Many years ago, I was convinced that the majority of Africa’s problems stemmed from colonialism. I was completely persuaded that we would have been light years ahead of the rest of the world if only we’d been left to continue our own traditions and progress at our pace.

I’d like to clarify one thing before I say anything else: Colonialism did change the landscape of Africa, permanently, irrevocably and deeply. There is no doubt about that. We need to ensure that our children learn this and understand it. But what I want to talk about is the “What now?” aspect of it all.

There are many who have a tendency to get lost in our victim-hood.  People who love Africa are often trapped in these muddy waters while diving deeply into our past and are then unable to see clearly.  When they exit the water and start to discuss planning for our collective future; they seem to still have that muddy water clouding their vision.  Although I respect their dedication to Africa, I think that they do us more harm than good in the end.  Here, is why:

If you ask any scholar of history, he will tell you that there isn’t a single region on earth without a turbulent history. Rome once controlled a large part of Europe and most of North Africa; thus forcing local populations into a second-class status, if not into slavery. Native Americans lost their territories to each other; and then, eventually lost most of their land to the early American government. In Brazil, many native ethnic groups in the Amazon are still being persecuted and having their lands stolen.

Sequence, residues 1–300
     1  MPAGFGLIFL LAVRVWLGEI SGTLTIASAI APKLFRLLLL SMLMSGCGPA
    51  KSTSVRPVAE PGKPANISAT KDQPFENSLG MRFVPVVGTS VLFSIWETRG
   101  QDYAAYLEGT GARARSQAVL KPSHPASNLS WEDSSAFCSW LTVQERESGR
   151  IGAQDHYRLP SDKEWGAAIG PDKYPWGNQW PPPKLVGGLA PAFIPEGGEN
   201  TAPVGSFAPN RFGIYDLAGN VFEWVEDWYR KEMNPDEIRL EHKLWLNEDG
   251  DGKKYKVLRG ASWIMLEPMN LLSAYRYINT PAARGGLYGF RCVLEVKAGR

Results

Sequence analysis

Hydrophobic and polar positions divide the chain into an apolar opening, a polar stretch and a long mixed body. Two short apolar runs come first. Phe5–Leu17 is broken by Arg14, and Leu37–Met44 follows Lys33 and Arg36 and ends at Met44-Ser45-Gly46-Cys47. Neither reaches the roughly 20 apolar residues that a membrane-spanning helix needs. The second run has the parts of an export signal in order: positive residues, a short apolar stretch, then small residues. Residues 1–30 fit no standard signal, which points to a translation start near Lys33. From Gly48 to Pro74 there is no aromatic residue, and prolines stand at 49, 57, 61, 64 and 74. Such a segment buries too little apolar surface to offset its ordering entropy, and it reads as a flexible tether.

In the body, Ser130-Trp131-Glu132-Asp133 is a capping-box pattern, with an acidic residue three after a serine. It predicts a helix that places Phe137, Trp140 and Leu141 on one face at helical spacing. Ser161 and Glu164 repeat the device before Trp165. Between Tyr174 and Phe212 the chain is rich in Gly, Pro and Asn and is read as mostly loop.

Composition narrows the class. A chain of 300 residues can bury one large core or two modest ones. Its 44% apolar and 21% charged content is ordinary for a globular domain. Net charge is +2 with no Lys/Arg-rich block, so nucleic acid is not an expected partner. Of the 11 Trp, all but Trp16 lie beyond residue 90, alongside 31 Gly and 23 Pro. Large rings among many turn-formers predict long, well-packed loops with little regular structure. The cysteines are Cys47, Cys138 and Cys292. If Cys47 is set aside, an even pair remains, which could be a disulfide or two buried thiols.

My point here is that everyone has known suffering, abuse and victimization. There is no point in trying to play the “who has suffered more” game. Power comes from how we face adversity.

European powers did set Africa up for failure, no doubt about it. Our borders were drawn arbitrarily at best; with “divide and conquer” in mind at worst. But we are not alone in this either, ask the former Yugoslavia.

Queen Nzinga, who defended Angolans against the Slave Trade © Every Generation Media http://www.whenweruled.com